3. Lead with humility
The concept of humility in leadership is a relatively modern one. Traditional leaders are strong, opinionated and direct with their delegation. It turns out, actually, that humble leaders are the same, with one exception. They admit when they’re wrong. It seems so simple yet it’s immensely powerful. If the CEO doesn’t know everything, then it becomes culturally ok to admit the same thing at other levels of the organization. This opens up debate, discussion and, yes, learning. The agile folks call this “servant leadership” and it’s a culture-defining quality necessary for modern product organizations to succeed.
These are the qualities I help the teams I work with instill into their individual projects and their management practices. In 2016 I’ll be setting out to bring these ideas to even more teams in cities around the world. I hope you, your managers and your teams will join me at one of these public Lean UX in the Enterprise workshops:
New York City – February 4, 2016 (hosted by Pearson Education)
Richmond, VA – February 9, 2016 (hosted by SnagAJob)
Tokyo, Japan – Feb 17, 2016 (hosted by IDEO)
Toronto, Canada – March 1, 2016 (hosted by Telus and The Lean Enterprise Meetup)
Don’t see your city? Let me know. I look forward to seeing you next year.
In his blog post from 2011, Mike Cottmeyer, an agile consultant and coach, listed off the 13 most common reasons his clients began their agile transformation. The list contains reasons like, “faster time to market”, “early ROI” and “risk reduction and predictability.” My sense is that this spectrum of drivers falls along a timeline that reflects agile’s increasing rate of adoption over the past 15 years. Speculating further (me, not Mike), I would guess that items like “culture”, “morale” and “feedback from real customers” are near the beginning of that timeline with “faster time to market” being the overwhelming driver today. One thing missing from Mike’s list is “to find our strategic vision.”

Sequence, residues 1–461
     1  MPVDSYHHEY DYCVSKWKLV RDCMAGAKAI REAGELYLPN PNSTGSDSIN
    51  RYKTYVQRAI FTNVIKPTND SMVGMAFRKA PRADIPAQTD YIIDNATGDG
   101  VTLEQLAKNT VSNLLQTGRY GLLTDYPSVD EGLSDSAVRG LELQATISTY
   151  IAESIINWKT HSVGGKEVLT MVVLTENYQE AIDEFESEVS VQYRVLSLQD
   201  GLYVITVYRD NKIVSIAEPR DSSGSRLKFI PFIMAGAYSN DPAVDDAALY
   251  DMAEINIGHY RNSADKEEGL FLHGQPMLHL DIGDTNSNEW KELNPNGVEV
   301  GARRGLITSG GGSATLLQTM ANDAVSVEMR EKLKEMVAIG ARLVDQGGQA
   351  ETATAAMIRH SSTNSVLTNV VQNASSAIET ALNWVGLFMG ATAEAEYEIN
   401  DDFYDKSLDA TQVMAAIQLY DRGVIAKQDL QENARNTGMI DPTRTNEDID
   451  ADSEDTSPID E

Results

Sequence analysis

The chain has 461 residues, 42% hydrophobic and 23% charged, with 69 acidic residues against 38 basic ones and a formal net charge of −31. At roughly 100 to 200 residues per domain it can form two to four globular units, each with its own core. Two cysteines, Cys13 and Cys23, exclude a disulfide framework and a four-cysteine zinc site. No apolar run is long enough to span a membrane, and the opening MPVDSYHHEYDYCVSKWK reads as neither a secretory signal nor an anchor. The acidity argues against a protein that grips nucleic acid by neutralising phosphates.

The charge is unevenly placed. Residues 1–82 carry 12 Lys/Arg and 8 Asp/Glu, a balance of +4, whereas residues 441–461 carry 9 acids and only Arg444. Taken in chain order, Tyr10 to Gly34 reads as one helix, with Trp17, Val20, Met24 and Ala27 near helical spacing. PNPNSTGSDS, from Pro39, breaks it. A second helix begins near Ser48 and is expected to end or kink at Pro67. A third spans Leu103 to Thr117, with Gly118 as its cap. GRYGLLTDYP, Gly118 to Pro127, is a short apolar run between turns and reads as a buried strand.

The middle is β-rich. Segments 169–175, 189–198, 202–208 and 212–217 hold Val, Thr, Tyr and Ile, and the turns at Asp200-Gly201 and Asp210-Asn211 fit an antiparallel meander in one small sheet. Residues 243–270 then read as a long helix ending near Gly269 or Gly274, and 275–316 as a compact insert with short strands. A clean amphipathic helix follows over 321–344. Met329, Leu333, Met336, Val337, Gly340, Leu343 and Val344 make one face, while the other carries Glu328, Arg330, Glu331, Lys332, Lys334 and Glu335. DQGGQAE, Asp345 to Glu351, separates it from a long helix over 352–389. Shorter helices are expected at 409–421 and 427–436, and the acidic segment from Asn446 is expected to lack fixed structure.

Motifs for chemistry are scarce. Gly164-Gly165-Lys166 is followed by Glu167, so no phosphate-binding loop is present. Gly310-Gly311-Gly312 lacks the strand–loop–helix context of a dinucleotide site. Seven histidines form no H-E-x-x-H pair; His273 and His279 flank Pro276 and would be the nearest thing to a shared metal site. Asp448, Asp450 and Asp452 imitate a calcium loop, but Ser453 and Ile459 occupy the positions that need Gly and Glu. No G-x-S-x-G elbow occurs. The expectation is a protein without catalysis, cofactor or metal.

Poor implementation of Agile along with Lean Startup in the enterprise has led to a rising chorus of critiques lately that these methods are being used as crutches for organizations that lack a strong strategic vision. The critique continued that these processes serve as a substitution for a clear vision using experimentation, iteration and continuous learning to “feel their way through the dark” to a solution (and de facto vision) that works well enough.
It’s worth pointing out the flaws in this argument.
Mike’s list is over four years old now, but the number one item on there still holds true. Agile, as it’s being implemented today by most companies, is an attempt to make software delivery more efficient and predictable. This may not have been its original intent but that is the primary driver for its adoption in my experience. Lean is a manufacturing philosophy focused on reducing waste through continuous improvement and optimization of flow. Lean Startup is a methodology designed to help organizations learn which solutions stand the greatest chance for success. None of these methods explicitly tells an organization WHAT they should work on at the strategic level.
Strong opinions about market opportunities and ways to capitalize on them are core to the success of any business. Your corporate leaders are abdicating their responsibilities if they’re iterating their way to corporate vision. This is not the fault of a specific methodology or process. It’s just bad leadership.
Did you find this topic interesting? Learn more in our upcoming book — sensingbook.com